• I made sure my fiber intake was 30 grams daily and incorporated 1-2 tbsp. flaxseed to provide a gentle phytoestrogen to compete for receptors. Most people think you should avoid phytoestrogens if you have high estrogen production, but they can actually help reduce estrogen dominant symptoms and support metabolism.

  • Although I didn't do based on these results, it's worth it to mention that in January I followed a detox protocol (which I do every year) which has a positive effect on hormones, metabolism, and detox.



Now here's a look at my adrenal hormones.


I have adrenal PCOS, which means my adrenals have a history of outputting too much cortisol and DHEA (turns into androgen DHEA-S). Over the years I have worked to balance DHEA production and have cut that level in half! Which is great, but you can see how even cutting this level in half I'm at the top range of normal.


Cortisol is another story...


Cortisol

Although my cortisol production is within a normal range, the fan below is showing metabolism of that cortisol. With the fan being all the way to the left, it's indicating that my body is deactivating cortisol quickly - this is the sign that I am in stage 2 HPA dysfunction.

  • I added a blend of adaptogen herbs and amino acids (supplement form) that I took twice daily to support stress response and cortisol production.

  • I made sure to eat every 3-4 hours to keep blood sugar stable and I kept a consistent low-moderate carb intake. Insulin and cortisol will feed off one another, so you need to make sure to support both.

  • I allowed myself to rest (as often as I could with two toddlers at home) since HPA dysfunction occurs when our body is overwhelmed. Self-care is tough and it's something I need to consciously add to my day.


Circadian Rhythm

The graphs at the bottom show cortisol production throughout the day. Pay attention to the graph on the right, as this is the active cortisol pattern. This pattern follows our circadian rhythm.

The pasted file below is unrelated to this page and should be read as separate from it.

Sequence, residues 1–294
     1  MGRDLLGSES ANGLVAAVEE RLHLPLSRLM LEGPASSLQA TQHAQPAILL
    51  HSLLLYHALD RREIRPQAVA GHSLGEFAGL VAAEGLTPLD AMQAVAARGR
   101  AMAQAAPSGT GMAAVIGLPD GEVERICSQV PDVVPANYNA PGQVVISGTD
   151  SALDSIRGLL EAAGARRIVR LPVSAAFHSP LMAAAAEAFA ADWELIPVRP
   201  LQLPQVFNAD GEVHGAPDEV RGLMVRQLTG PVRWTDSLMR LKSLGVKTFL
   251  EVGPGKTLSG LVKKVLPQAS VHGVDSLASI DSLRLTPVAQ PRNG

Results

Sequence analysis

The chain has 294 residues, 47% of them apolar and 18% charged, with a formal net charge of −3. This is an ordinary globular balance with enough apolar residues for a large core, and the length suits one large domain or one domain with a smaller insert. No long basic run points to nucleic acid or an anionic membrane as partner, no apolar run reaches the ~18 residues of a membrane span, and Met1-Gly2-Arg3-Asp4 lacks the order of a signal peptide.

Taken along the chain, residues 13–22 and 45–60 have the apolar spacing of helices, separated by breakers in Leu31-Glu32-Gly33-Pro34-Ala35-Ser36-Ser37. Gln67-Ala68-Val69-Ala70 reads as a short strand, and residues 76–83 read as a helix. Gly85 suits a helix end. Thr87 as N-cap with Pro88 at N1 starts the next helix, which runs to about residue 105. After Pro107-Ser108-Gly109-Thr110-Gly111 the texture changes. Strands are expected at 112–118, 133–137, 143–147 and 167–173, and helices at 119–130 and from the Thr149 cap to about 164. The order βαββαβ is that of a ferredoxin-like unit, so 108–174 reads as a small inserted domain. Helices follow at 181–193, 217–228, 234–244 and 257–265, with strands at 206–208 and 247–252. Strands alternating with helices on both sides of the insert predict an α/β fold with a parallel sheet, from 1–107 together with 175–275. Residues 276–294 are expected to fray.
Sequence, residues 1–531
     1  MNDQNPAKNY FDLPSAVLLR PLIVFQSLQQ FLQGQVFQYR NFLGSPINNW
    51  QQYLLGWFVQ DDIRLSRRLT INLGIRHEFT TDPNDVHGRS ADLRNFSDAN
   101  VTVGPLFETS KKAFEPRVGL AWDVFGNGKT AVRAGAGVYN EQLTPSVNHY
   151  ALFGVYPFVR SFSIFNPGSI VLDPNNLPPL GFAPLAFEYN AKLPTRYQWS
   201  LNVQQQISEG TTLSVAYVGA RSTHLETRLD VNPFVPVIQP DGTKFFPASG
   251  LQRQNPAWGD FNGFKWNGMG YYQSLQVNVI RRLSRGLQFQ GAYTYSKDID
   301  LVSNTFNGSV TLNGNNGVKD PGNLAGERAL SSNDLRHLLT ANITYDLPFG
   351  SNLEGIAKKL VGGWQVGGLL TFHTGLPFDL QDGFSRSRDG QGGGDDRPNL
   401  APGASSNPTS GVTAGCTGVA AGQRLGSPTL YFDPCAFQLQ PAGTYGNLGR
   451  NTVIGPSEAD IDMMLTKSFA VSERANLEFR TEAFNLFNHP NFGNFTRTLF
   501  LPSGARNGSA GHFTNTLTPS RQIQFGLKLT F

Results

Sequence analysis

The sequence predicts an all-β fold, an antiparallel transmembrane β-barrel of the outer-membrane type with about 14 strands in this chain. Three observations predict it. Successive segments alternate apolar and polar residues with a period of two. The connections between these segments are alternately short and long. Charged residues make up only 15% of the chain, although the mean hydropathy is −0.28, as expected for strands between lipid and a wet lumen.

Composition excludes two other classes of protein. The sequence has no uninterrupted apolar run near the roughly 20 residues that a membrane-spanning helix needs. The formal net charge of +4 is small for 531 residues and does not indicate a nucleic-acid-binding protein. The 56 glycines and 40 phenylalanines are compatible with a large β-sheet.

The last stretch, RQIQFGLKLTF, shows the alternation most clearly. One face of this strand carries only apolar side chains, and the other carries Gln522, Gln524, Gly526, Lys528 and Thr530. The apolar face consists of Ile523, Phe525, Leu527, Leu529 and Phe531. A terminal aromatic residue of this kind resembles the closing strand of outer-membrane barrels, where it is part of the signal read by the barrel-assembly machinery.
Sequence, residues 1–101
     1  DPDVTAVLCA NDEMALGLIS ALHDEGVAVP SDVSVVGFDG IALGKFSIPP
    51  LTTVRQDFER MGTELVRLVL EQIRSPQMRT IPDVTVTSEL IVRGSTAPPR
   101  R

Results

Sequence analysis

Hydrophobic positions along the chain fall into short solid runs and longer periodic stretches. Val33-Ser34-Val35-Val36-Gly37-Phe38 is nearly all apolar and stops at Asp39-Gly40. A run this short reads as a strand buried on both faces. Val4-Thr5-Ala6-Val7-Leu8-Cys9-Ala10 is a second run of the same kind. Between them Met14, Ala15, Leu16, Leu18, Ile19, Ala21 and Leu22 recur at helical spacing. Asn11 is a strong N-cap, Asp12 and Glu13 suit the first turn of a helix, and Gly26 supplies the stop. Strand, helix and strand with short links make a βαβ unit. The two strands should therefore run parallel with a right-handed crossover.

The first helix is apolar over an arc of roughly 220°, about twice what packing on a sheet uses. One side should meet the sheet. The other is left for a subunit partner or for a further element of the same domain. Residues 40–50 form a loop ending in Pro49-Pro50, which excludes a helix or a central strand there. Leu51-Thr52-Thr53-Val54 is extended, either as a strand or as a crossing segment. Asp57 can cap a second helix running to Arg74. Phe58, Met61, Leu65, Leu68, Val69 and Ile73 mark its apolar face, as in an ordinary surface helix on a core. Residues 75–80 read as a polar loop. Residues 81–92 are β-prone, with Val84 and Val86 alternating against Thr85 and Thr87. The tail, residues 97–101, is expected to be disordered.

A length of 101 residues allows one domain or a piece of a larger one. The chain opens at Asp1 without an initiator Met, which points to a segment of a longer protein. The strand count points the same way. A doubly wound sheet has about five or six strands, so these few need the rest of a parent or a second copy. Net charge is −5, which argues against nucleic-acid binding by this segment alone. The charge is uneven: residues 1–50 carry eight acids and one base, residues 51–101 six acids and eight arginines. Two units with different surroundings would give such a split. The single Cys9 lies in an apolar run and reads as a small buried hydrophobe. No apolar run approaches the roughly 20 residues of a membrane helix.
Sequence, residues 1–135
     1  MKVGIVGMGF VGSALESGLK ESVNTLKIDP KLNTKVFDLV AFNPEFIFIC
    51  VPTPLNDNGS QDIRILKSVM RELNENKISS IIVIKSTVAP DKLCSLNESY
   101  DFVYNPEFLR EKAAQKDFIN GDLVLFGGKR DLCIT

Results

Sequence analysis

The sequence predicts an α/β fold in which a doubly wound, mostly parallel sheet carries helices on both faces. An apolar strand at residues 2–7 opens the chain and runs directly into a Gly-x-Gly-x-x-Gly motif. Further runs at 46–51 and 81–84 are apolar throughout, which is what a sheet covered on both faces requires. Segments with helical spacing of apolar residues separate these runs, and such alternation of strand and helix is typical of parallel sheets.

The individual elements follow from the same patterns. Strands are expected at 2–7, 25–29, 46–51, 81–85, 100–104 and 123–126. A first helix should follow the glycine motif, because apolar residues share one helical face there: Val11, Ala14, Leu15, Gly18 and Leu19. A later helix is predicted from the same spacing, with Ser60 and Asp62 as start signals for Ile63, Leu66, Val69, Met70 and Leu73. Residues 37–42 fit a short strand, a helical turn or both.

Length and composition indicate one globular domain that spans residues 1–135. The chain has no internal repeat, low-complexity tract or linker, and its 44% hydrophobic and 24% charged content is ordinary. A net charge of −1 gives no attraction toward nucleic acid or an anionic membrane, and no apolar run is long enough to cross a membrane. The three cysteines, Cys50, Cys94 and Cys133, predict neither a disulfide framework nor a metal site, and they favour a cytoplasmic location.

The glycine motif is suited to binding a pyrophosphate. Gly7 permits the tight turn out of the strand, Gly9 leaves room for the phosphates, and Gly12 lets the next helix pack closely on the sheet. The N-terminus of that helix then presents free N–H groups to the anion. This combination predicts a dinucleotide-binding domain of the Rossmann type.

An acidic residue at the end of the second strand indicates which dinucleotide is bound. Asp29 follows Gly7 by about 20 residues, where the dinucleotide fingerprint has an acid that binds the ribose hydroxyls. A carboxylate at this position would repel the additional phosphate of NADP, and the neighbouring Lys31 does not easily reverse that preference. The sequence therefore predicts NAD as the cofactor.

Cortisol starts being produced before we wake in the morning and we want to see a spike within the first two hours of waking - this is called our cortisol awakening response (CAR). I'm not showing much of a "awakening" response, so I need to add circadian training.

  • I created a relaxing evening routine that I looked forward to. I go to bed around the same time and wake up around the same time - to help my body match the circadian rhythm.

  • I wait 1-2 hours after waking before having coffee, so that I don't disrupt my body's natural cortisol production. I also keep caffeine to less than 300 mg daily.

  • Daily consistent movement is always important, but I need to avoid strenuous aerobic exercise, as this will exert too much stress on the body - requiring a big dose of cortisol which it's not able to accommodate right now. I'm doing plenty of walks and yoga for strength and stretching/circulation.

  • I'll be continuing adaptogen herbs along with magnesium to support stress, but I will adjust the blend of herbs to slowly move my body out of stage 2 dysfunction.



My adrenals are improving, but there's still a lot of work I need to do and I know stress is always going to be an area that I need to prioritize in my life. Having little ones at home, running a household, and running a business is not an easy stage of life - and I recognize that. My mantra, "I'm doing the best that I can."



How to Order Your Own Hormone Test Panel


The hormone test panel I use is called DUTCH Complete. There is a TON of information that we get from this panel; I only showed a small glimpse of my results above because I didn't want to overload you with info.


The DUTCH Complete tests over 35 hormones, metabolites, and organic acids. It's an easy dried urine collection you complete at home. You'll collect 4-5 samples over the course of 24-hours. It's just like taking a pregnancy test! Let the strips dry and then send back to the lab in the prepaid shipping envelope.


You can order your own panel here and if you'd like more information and a sample report, you can email me "Hormone Testing" at info@lizriesen.com


You can also read more about DUTCH Testing on Precision Analytical's website.




woman smiling with coffee cup

Liz Riesen, Registered Dietitian

works specifically with women's hormones, inflammation, and digestive health. Often these conditions coexist and share common disruptive symptoms including bloating, weight gain, anxiety, mood swings, irregular cycles, and other inflammatory symptoms.


Liz is trained in identifying and healing food sensitivities, as well as balancing hormones naturally through nutrition and lifestyle. Follow me @moms.hormone.dietitian